The UN has “grave” concerns over Israel’s reported strike on sites inside Syria, Secretary General Ban-Ki-moon said in a statement Sunday.

The secretary general reacted Sunday to Israel’s reported airstrikes against Syria over the last three days, stating that he was highly “concerned” over the recent developments in the region.

Ban called on both Israel and Syria to “exercise maximum calm and restraint, and to act with a sense of responsibility to prevent an escalation of what is already a devastating and highly dangerous conflict.”

“The Secretary-General expresses grave concern over reports of air strikes in Syria by the Israeli Air Force,” read an official statement issued by his office.

The Sunday statement was the UN’s first official response to the attacks since they were first reported late Friday.

Ban also urged Syria and Israel to “respect national sovereignty and territorial integrity of all countries in the region,” and to “adhere to all relevant Security Council resolutions.”

According to unnamed Israeli and American sources, Israeli planes struck sites outside Damascus early Friday and again early Sunday, targeting weapons transfers from Iran to Hezbollah.

In Washington, diplomatic sources and US officials told NBC that the administration fully supported the Israeli move.

An Israeli official told the Los Angeles Times that both strikes were carried out to thwart weapons transfers from Iran to Hezbollah, which would have given the Lebanese terror group a new missile capability.

“We are not taking sides and we’re not interested in interfering in the internal affairs of Syria,” the senior official said. “But we have to make sure these weapons do not fall into the hands of Hezbollah, because the minute that happens it will be hard to track and monitor them. That’s the only reason we interfered. If we don’t take action now, we will be on the receiving end of those missiles. We have to act to guarantee our security, and that applies to Syria and Iran.”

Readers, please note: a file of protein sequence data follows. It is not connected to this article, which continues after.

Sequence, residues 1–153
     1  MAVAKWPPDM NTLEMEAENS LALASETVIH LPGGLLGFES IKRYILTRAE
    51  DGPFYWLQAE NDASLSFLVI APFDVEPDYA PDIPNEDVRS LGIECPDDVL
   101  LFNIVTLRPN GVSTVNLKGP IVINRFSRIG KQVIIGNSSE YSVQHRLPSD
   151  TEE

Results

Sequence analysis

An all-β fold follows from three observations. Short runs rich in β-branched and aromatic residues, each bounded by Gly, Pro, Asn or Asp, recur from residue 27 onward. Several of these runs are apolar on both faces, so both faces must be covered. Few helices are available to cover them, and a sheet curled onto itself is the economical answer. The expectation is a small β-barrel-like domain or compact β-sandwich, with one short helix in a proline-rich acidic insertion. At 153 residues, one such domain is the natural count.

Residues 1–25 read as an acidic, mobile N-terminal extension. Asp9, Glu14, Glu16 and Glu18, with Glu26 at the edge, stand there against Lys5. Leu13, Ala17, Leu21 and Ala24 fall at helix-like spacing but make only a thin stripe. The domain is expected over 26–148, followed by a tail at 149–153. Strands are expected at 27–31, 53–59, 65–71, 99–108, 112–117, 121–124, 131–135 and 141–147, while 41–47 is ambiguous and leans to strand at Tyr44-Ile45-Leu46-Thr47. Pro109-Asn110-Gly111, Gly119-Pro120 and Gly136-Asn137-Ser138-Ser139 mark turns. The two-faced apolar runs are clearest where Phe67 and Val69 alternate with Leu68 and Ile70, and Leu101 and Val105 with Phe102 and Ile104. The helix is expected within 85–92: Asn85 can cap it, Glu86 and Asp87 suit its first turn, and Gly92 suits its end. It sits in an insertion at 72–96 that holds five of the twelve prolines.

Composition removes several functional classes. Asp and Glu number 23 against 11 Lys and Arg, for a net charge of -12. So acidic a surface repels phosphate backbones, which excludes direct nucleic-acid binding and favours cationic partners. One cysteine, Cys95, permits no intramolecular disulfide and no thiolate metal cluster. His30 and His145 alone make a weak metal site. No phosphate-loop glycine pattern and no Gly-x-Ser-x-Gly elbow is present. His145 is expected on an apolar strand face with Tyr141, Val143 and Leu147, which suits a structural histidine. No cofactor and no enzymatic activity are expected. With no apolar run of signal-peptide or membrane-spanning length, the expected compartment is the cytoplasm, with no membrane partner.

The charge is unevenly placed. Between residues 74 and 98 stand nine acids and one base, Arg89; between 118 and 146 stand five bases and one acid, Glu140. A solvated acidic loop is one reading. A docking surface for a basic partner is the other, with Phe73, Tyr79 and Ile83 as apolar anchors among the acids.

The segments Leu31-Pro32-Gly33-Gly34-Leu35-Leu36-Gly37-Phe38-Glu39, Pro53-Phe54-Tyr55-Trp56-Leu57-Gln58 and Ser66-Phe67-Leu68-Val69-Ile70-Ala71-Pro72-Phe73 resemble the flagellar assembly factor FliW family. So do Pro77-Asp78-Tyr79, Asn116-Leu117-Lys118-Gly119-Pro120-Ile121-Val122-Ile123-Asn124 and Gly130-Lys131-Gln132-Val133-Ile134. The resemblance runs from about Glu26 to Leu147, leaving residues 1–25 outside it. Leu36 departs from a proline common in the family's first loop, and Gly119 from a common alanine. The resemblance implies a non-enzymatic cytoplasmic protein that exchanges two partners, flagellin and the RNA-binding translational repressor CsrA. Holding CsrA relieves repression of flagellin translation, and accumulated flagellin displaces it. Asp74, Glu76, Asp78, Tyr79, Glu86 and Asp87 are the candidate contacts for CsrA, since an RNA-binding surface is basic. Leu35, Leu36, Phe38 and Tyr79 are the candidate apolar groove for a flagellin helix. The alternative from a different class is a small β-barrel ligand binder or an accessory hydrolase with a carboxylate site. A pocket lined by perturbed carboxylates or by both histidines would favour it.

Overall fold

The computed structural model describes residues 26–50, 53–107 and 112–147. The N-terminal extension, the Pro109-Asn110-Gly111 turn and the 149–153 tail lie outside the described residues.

Channel 10 described major explosions at the Jamraya research center near Damascus, as well as blasts at military bases on Mount Qassiyoun and near Assad’s presidential palace. It said the strikes early Sunday were targeting missiles from the same Iranian shipment hit on Friday — a consignment of the latest generation of Iranian-made Fateh-100 surface-to-surface missiles (also known as M600s) that arrived in Syria last week. These missiles carry 600-kilogram warheads, have a 300-kilometer range, and are accurate to 200 meters, the TV report said.

Israel on Sunday deployed two Iron Dome anti-missile batteries, in Safed and Haifa, and Haifa Mayor Yonah Yahav ordered preparations in his city for the possibility of Syrian retaliation. Israel also closed off its airspace in the north for the first time since the 2006 Lebanon War, halting civilian flights to and from Haifa’s airport through Thursday.

However, officials said they did not believe Syria would respond immediately, though Hezbollah might lob missiles from southern Lebanon in retaliation.

Earlier Sunday, Egypt, Lebanon and the Arab League called on the international community to take steps in order to prevent further attacks on Syrian soil. Condemnations by Arab countries emphasized Israel’s “aggression” and stressed disapproval at Jerusalem’s lack of respect for war-torn Syria’s sovereignty.

Also Sunday, Iranian army ground forces commander Ahmad Reza Pourdastan said Tehran was ready to support Syria and offer it aid in case of further Israeli strikes.

“Syria has a powerful army and with the structure and experience it has against the Zionist regime it can definitely defend itself and there is no need for intervention by other countries,” said Pourdastan, according to the Iranian Fars News Network. “But, if they do need training, we can help them,” he added.

In Syria, Deputy Foreign Minister Faisal Mekdad warned Sunday that recent Israeli airstrikes on facilities near Damascus constituted an Israeli “declaration of war.”